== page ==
Regulators Propose to Eliminate Form 5500 Small Plan Exemption and Expand Data Collection for All Plans

The US Department of Labor (DOL) recently published proposed regulation revisions to Form 5500 Annual Return/Report in the Federal Register. Form 5500 is the primary source of information about the operation, funding, assets, and investments of pension and other employee benefit plans. A July 11, 2016 DOL news release states the proposed revisions are intended to improve and modernize Form 5500.

Currently, employers sponsoring a group health plan with 100 or more participants must electronically file Form 5500 on an annual basis. The DOL is now proposing to eliminate the current exemption from filing Form 5500 for employers that sponsor group health plans with fewer than 100 participants. If finalized, small employers would then have the same reporting burden as large employers.

The DOL also proposes all employers sponsoring a group health plan must complete the new Schedule J, Group Health Plan Information, through selected new questions regarding plan operations, service provider relationships and financial management of the plan.

According to a Legislative/Regulatory Update issued by the Self-Insurance Institute of America (SIIA), the administrative burden associated with the proposals will be considerable. “This new Schedule J requires the reporting of certain data regarding the plan’s assets. The Schedule J will also capture certain information like enrollment and disenrollment, data on the number of denied claims, and information on cost-sharing with respect to out-of-network coverage, all of which is required under the new Public Health Service Act (PHSA) section 2715A reporting requirement.  In addition, the Schedule J will require an employer to explain (1) how its plan improves health outcomes through quality reporting, effective case management, and chronic disease management, (2) how its plan prevents hospital readmissions, and (3) how its plan implements activities to improve patient safety and reduce medical errors and activities to promote wellness, all of which is required under the new PHSA section 2717 reporting requirement.”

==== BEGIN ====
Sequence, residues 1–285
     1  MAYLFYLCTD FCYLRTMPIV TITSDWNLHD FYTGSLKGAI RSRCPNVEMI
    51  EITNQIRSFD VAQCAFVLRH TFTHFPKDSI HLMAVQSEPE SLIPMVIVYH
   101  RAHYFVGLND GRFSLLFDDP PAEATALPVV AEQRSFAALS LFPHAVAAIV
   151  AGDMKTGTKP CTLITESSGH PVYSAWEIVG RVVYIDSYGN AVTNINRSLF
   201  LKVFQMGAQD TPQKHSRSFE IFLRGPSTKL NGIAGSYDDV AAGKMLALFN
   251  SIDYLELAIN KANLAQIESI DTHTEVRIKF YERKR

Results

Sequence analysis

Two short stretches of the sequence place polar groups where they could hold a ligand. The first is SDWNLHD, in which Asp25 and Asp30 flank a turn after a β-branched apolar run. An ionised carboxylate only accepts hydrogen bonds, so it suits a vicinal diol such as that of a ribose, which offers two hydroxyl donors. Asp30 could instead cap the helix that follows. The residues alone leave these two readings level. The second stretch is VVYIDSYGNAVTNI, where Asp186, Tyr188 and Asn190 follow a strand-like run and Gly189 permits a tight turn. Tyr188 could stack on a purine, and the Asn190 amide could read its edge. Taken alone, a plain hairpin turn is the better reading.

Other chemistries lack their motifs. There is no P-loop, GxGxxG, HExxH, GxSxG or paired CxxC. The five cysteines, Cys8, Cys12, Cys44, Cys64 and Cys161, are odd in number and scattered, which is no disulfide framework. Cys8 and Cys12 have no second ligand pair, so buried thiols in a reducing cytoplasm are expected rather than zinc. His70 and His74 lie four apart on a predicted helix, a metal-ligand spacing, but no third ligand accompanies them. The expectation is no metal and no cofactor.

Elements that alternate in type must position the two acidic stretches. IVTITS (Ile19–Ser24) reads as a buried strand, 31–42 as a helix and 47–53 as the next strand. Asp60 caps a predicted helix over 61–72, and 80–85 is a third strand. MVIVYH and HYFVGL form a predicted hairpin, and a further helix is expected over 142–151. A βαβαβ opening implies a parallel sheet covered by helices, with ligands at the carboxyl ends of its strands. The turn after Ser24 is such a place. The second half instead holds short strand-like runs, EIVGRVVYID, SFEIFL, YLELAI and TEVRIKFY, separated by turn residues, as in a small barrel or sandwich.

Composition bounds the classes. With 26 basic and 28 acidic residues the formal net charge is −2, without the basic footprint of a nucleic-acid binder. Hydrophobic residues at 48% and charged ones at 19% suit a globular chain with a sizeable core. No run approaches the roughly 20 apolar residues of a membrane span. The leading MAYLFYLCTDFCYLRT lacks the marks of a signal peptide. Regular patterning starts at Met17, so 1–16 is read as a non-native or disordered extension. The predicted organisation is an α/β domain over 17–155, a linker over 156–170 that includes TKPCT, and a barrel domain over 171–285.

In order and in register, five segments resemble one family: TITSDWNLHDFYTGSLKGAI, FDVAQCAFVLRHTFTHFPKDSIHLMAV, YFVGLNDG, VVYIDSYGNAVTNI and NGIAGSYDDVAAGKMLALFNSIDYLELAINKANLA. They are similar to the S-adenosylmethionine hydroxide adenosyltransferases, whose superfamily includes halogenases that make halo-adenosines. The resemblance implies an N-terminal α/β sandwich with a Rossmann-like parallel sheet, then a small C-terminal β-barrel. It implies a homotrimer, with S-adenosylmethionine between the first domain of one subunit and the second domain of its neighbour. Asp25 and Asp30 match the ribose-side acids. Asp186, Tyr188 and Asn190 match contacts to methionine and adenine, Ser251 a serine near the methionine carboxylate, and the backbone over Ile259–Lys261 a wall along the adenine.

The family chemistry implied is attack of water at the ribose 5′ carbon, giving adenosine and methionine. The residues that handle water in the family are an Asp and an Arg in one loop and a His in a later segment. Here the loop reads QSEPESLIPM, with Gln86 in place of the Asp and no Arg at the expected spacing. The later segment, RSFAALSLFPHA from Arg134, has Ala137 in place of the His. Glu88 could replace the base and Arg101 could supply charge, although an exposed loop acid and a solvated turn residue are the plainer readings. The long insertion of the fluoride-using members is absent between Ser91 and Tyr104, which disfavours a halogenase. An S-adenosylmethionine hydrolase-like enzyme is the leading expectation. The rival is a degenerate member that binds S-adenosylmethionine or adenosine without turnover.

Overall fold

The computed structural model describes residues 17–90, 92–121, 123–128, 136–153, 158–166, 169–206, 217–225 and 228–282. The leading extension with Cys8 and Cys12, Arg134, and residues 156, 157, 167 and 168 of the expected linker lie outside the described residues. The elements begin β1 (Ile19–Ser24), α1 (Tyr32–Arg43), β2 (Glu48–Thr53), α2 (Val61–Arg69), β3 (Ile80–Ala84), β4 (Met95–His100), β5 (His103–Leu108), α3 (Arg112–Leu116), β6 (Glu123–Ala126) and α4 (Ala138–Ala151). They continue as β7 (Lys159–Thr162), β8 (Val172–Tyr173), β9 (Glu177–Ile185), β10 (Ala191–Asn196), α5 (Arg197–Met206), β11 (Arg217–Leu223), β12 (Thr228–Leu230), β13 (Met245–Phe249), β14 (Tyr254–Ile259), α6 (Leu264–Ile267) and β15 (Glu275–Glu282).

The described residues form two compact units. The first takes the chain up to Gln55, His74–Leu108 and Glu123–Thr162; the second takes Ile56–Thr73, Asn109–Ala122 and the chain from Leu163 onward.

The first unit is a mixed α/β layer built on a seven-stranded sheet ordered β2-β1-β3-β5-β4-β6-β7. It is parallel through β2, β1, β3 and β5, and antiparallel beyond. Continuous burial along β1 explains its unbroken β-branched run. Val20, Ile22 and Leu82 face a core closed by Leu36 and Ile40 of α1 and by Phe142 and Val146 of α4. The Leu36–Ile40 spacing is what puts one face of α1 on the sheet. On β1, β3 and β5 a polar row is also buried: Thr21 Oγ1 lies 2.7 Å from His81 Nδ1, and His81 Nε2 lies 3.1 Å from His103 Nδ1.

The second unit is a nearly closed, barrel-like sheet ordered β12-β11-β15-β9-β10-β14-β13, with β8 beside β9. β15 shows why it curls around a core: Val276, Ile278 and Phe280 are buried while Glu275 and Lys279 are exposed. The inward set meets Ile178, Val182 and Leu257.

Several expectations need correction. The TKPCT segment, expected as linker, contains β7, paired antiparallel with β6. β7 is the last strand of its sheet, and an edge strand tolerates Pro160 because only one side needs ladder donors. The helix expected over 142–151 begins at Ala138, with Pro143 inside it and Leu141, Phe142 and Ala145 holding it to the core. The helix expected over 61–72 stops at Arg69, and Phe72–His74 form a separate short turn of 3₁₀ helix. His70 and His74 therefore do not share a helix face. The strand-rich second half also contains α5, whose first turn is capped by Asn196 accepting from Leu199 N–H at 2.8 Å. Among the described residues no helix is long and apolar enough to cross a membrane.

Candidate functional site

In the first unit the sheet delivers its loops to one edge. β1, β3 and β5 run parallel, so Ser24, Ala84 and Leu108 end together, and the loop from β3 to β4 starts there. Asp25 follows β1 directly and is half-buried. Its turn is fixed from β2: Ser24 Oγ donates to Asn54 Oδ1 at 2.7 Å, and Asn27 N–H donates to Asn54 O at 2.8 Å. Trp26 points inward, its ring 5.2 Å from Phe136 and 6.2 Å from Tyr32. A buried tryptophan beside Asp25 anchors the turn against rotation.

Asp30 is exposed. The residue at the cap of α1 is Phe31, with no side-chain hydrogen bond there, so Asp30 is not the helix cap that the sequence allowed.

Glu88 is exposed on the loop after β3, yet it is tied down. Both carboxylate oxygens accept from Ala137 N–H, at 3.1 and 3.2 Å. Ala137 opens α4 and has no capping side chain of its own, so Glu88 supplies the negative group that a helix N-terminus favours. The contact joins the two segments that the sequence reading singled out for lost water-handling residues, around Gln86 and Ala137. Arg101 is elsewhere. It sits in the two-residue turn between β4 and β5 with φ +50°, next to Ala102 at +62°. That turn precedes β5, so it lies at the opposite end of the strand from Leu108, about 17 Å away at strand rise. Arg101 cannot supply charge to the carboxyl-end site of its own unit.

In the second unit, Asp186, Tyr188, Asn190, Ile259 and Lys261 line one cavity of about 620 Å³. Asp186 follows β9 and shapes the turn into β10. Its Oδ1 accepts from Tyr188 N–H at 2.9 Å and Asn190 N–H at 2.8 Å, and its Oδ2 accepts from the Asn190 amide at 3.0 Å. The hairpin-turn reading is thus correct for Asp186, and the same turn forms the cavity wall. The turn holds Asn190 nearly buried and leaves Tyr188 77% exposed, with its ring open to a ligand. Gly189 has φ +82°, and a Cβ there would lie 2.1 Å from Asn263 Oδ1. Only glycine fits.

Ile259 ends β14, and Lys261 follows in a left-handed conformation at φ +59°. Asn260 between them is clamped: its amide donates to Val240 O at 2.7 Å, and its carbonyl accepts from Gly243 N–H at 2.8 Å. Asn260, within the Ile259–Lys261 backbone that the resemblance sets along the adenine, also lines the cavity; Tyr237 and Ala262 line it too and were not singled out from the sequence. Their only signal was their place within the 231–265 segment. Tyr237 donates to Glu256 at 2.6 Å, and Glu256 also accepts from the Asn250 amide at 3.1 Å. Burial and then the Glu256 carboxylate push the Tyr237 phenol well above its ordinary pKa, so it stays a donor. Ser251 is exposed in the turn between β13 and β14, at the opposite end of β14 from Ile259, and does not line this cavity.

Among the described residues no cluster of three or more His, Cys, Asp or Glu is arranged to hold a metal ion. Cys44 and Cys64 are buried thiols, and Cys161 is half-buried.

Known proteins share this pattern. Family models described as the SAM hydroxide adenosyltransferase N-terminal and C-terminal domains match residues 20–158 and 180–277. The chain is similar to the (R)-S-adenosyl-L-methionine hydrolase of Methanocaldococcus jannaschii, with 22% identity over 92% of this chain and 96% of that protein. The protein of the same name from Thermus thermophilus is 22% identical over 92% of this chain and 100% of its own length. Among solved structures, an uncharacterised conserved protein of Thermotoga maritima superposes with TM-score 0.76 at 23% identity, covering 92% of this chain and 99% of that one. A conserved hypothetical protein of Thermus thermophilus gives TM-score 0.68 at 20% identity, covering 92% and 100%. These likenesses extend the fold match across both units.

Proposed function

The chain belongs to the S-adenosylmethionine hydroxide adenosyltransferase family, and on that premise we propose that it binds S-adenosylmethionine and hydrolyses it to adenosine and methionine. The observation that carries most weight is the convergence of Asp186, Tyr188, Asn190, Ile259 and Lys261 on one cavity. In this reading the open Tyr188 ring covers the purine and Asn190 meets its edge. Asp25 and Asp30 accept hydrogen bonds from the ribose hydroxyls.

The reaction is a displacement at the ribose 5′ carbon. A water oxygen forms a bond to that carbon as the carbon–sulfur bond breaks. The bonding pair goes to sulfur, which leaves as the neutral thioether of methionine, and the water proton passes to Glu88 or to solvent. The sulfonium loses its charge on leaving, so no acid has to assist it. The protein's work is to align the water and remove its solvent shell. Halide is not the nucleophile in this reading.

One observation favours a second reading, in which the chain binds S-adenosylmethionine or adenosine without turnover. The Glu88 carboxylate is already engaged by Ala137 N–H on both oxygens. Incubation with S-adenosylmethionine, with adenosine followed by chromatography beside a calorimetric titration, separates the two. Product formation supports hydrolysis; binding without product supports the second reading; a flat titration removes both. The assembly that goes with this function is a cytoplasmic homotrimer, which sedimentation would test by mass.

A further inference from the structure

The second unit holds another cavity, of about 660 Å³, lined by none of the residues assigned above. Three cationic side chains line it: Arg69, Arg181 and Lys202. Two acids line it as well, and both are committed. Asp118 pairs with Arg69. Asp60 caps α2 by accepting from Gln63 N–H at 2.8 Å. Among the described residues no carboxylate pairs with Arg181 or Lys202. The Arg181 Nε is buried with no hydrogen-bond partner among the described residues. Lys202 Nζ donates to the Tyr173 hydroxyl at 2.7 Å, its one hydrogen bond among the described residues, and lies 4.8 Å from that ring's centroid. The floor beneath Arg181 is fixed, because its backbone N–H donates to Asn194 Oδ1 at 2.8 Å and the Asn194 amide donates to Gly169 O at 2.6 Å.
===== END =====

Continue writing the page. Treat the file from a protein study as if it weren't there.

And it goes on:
SIIA also reports, “the DOL estimates that the elimination of the “small plan” exemption will add 2.2 million work hours and $241.6 million in reporting costs for small employers (both self-insured and fully-insured).”

The proposal was published in the Federal Register on July 21, 2016, with public comments from interested persons due no later than October 4, 2016.

To Download:  Form 5500 Proposed Changes




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